Improving Mean Time Between Repairs of Centrifugal Pumps
In an industrial plant environment, the mean time between repairs (MTBR) metric is the key measurement in assessing the reliability of American National Standards Institute (ANSI) centrifugal pumps. While most centrifugal pumps will run a minimum of 18 to 24 months, exceeding 24 months is the goal. The best-case scenario would be to perform regularly scheduled preventative maintenance while the pump is in service.
The implications of reliability extend beyond just the loss of production while the pump is out of service. Supply chain shortages and inflation have caused both an increase in the cost of the repair parts as well as much longer lead times on items that in past years were readily available.
ANSI centrifugal pumps break down for a variety of reasons. Overheating due to insufficient lubrication, cavitation when pressure inside the pump drops, corrosion when pumping corrosive liquids, misalignment of the pump shaft, mechanical wear and improper installation of pump components are just a few examples of what might cause a pump to break down.
When the pump fails, it will need to be removed from its foundation and taken to the pump shop for repairs. Once in the pump shop, the likely failed components will be the bearings, seals, impeller or the casing. All of these items could possibly be damaged.
To extend the MTBR of your ANSI centrifugal pumps, there are several measures reliability machinists can use. The most important thing is to make sure the pump is repaired properly before it leaves the pump shop. Meticulous care needs to be taken when reassembling and balancing. Look closely at the cover and make sure there has been no damage. Inspect the pump shaft thoroughly for any damage. Using a dial indicator, ensure the lift and thrust movements are to the pump's specifications. You will also want to replace the mechanical seal, making sure to choose the correct seal for the pump as indicated. Make sure to lubricate the O-rings going on the shaft to prevent issues when applying the seal and cover back on the pump. Carefully inspect the impeller for damage. Impeller vanes can become sharp while in service. Many times, the impeller will need to be replaced. Reinstall the impeller and new gasket, making sure to use the proper tool for the job to ensure the impeller is tightened properly and not damaged.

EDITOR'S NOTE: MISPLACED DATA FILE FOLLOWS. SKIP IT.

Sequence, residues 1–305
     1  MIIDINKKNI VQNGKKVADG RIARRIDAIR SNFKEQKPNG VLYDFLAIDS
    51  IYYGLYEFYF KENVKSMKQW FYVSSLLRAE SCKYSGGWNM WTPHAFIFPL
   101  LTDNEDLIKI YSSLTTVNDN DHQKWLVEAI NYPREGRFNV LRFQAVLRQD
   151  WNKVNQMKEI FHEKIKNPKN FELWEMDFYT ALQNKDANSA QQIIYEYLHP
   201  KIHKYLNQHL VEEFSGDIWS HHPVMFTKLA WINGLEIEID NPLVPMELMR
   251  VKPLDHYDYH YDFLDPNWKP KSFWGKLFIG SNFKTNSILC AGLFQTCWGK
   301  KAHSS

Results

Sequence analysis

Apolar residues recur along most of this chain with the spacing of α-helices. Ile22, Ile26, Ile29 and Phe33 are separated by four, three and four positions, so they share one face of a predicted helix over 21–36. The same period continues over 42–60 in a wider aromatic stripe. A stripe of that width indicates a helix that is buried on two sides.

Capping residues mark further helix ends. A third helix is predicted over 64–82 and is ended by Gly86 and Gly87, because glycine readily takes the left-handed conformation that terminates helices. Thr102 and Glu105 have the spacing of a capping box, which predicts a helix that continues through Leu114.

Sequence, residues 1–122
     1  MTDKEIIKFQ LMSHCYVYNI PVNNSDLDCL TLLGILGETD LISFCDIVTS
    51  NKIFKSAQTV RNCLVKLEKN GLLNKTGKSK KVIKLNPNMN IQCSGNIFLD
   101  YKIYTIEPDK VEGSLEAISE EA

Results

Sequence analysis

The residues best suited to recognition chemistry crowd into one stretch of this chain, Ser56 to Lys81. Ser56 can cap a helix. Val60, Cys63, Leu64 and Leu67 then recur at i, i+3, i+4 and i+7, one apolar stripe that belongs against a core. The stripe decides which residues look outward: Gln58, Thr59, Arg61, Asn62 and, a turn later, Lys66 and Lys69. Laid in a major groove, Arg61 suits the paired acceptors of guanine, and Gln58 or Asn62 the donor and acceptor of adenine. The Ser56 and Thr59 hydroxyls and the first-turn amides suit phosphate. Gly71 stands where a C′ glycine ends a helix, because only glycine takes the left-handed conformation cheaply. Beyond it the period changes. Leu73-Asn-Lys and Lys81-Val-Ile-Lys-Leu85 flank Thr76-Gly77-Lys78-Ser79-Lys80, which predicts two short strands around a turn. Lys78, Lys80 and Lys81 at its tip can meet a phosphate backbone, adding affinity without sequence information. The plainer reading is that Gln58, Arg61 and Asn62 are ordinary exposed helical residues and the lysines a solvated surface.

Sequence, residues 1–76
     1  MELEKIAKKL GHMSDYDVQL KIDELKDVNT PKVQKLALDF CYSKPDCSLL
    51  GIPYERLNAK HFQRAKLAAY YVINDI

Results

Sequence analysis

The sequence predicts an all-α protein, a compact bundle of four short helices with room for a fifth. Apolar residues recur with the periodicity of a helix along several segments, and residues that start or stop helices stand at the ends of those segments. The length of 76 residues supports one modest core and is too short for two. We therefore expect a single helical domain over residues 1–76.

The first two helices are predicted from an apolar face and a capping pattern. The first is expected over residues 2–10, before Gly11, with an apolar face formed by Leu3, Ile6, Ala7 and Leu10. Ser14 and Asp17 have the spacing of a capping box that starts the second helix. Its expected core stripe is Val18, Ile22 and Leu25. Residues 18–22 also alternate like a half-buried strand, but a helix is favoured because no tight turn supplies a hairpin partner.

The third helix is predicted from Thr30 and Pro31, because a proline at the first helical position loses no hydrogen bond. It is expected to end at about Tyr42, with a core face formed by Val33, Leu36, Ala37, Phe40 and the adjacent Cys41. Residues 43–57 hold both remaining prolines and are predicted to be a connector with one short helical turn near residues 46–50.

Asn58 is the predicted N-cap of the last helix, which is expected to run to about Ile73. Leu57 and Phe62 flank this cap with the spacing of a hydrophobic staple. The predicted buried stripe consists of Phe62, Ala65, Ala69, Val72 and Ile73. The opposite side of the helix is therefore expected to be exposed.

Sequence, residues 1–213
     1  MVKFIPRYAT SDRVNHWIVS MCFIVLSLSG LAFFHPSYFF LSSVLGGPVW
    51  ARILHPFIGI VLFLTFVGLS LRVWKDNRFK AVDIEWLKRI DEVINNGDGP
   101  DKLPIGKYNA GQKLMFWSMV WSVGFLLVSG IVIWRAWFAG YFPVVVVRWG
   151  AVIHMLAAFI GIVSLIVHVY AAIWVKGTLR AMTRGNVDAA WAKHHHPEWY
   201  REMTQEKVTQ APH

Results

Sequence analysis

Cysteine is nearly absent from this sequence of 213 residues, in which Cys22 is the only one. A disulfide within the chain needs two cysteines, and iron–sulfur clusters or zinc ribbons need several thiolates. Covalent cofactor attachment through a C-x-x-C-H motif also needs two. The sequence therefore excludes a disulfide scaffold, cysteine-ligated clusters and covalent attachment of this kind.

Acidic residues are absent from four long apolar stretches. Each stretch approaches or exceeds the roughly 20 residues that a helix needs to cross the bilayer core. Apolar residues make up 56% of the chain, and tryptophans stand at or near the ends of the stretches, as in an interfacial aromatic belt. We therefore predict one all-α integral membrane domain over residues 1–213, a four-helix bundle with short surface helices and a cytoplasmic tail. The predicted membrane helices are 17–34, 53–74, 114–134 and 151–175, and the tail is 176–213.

Once back in the field, you will want to make sure the pump is properly bolted and the pump and motor are properly aligned. Regular maintenance such as lubrication and checking the foundation bolts are properly tightened can go a long way toward preventing future failures and extending pump life. Regular monitoring of the pump can identify problems early on.
Vibration analysis should be regularly performed, as pump vibration of any kind is deemed a problem. If you can visibly see vibration, you will need to shut down the pump and take it out of service. A handheld vibration mic may display a small problem that can wait. Most of the time, the vibration is caused by an internal problem, but you may just have to tighten the foundation bolts.
Operating the pump within its designed parameters, such as the flow rate and head pressure, can prevent the pump from overheating. If continuously pumping corrosive material, the impeller can become damaged. A fiberglass pump could be a better fit for that application.
Using the best quality of impellers and seals can improve the performance and life expectancy of the pump. Qualified machinists properly trained and certified will make certain the work is performed right.
ANSI centrifugal pump MTBR can certainly be extended when you properly repair, maintain, monitor and operate your ANSI centrifugal pumps with certified reliability professionals.
Michael Key is president of Key Pump and Gear, LLC. For more information, visit keypng.com.